Who’s to blame for the Afghanistan chaos?

International conflict in Afghanistan began in 2001, triggered by the September 11 attacks and consisted of three phases.

The first phase – toppling the Taliban was brief, lasting just two months.

The second phase, from 2002 until 2008, was marked by a U.S. strategy of defeating the Taliban militarily and rebuilding core institutions of the Afghan state.

The third phase, a turn to classic pacification doctrine, began in 2008 and accelerated with U.S. President Barack Obama’s 2009 decision to temporarily increase the U.S. troop presence in Afghanistan.

This larger force was used to implement a strategy of protecting the population from Taliban attacks and supporting efforts to reintegrate insurgents into Afghan society. The strategy came coupled with a timetable for the withdrawal of the foreign forces from Afghanistan; beginning in 2011, security responsibilities would be gradually handed over to the Afghan military and police. The new approach largely failed to achieve its aims. Insurgent attacks and civilian casualties remained stubbornly high, while many of the Afghan military and police units taking over security duties appeared to be ill-prepared to hold off the Taliban. By the time the U.S. and NATO combat mission formally ended in December 2014, the 13-year Afghanistan War had become the longest war ever fought by the United States.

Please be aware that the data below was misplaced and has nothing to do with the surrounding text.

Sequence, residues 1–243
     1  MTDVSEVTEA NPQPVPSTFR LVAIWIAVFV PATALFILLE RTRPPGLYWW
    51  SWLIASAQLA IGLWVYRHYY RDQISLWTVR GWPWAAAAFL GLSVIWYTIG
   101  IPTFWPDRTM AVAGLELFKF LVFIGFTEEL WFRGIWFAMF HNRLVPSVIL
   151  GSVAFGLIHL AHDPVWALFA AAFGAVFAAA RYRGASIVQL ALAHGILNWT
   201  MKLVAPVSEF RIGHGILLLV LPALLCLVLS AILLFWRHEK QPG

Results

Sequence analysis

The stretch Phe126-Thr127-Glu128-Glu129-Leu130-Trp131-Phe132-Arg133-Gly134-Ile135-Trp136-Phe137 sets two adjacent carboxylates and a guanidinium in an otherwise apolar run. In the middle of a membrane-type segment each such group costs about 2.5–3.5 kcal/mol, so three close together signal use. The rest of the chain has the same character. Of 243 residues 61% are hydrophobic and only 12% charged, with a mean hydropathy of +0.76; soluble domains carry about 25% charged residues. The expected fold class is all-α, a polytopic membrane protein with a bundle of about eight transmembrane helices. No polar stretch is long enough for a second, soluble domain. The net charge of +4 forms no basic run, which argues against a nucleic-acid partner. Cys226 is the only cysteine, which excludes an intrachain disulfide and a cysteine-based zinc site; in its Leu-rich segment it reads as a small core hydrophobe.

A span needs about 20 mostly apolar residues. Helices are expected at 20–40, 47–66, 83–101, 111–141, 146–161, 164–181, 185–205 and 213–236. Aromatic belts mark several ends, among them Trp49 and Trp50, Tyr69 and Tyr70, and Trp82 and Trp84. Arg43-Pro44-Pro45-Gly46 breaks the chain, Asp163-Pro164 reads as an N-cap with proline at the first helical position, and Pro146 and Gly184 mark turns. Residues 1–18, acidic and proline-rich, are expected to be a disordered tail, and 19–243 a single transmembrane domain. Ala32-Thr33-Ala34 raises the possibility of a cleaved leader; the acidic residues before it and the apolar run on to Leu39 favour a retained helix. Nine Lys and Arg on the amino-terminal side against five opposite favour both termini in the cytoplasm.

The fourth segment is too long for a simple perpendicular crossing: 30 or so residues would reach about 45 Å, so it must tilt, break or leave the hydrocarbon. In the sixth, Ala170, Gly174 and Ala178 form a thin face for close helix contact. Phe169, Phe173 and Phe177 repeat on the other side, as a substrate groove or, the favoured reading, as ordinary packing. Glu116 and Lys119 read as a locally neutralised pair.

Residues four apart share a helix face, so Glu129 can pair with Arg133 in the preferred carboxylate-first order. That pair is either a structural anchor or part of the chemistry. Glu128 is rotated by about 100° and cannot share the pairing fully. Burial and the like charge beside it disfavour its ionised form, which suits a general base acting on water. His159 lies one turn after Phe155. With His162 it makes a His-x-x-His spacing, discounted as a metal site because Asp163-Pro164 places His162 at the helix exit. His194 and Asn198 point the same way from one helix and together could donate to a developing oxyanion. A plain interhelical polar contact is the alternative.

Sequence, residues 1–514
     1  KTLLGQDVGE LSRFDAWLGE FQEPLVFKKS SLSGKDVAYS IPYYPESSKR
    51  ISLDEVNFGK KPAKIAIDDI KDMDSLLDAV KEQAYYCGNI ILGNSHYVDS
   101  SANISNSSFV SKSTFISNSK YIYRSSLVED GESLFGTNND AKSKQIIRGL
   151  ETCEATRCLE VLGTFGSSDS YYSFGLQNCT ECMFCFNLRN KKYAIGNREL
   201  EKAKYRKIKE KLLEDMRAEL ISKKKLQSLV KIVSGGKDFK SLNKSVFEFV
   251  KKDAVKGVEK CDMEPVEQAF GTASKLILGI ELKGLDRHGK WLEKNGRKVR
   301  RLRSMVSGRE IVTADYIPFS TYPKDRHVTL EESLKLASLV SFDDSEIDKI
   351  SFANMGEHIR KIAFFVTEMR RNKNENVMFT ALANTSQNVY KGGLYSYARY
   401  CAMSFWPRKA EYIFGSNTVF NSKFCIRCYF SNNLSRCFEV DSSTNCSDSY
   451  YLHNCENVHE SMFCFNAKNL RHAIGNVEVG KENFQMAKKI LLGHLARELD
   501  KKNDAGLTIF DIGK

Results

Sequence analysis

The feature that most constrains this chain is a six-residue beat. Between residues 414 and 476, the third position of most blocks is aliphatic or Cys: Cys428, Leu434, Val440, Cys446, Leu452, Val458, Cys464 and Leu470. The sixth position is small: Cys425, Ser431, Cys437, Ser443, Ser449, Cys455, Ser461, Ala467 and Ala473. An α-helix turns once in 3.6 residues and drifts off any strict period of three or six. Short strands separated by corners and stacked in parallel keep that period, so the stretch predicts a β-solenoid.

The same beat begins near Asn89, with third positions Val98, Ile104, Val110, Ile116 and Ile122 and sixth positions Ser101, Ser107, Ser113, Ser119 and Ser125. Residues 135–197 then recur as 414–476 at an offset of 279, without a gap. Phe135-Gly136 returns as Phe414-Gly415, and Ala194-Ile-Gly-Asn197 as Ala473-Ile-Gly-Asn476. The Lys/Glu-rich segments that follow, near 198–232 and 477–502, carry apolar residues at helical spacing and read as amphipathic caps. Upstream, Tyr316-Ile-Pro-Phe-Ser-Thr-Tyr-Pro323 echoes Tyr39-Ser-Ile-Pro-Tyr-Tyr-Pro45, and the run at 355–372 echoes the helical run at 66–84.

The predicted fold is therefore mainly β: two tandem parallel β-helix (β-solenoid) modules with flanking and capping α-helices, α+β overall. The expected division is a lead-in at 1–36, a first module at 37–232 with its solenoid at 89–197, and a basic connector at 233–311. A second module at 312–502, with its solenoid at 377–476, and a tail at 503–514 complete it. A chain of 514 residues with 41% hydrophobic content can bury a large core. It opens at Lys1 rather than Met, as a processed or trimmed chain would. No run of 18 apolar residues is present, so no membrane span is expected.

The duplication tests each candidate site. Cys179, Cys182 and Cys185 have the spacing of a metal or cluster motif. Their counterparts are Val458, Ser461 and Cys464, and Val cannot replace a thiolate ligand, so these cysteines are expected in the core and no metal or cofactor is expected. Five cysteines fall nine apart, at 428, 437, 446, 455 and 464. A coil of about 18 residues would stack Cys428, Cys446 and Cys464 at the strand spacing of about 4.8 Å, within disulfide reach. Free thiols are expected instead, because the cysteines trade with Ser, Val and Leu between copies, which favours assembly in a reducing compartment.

The U.S. and NATO formally ended their combat mission in Afghanistan on December 28, 2014, but retained a reduced force of ~13,000 troops to support and train Afghan troops until a reduction was implemented in 2020.

A full withdrawal of U.S. troops, initiated in 2020 and continued into 2021, anticipated the end of U.S. deployment to Afghanistan, but the resurgence of the Taliban during the withdrawal returned the country back to where it started when the U.S. forces arrived 20 years earlier.

In this panel, former ABC Radio National host John Cleary will moderate a panel with Prof Amin Saikal, Adj Prof of Social Sciences at University of WA and an expert on Middle East studies, and Prof William Maley, Professor of Diplomacy at the ANU and an expert in Afghan politics, to explore the question “What’s really happening in Afghanistan?”

Prof William Maley is the author of the following 5 books on Afghanistan – Rescuing Afghanistan (2006), What is a Refugee? (2016), Transition in Afghanistan: Hope, Despair and the Limits of Statebuilding (2018), The Afghanistan Wars (2021), and Diplomacy, Communication, and Peace: Selected Essays (2021).

Date: Wednesday, 8 September 2021

Time: 7.00 – 8.-00 pm AEST

Where: LIVE Online via YouTube

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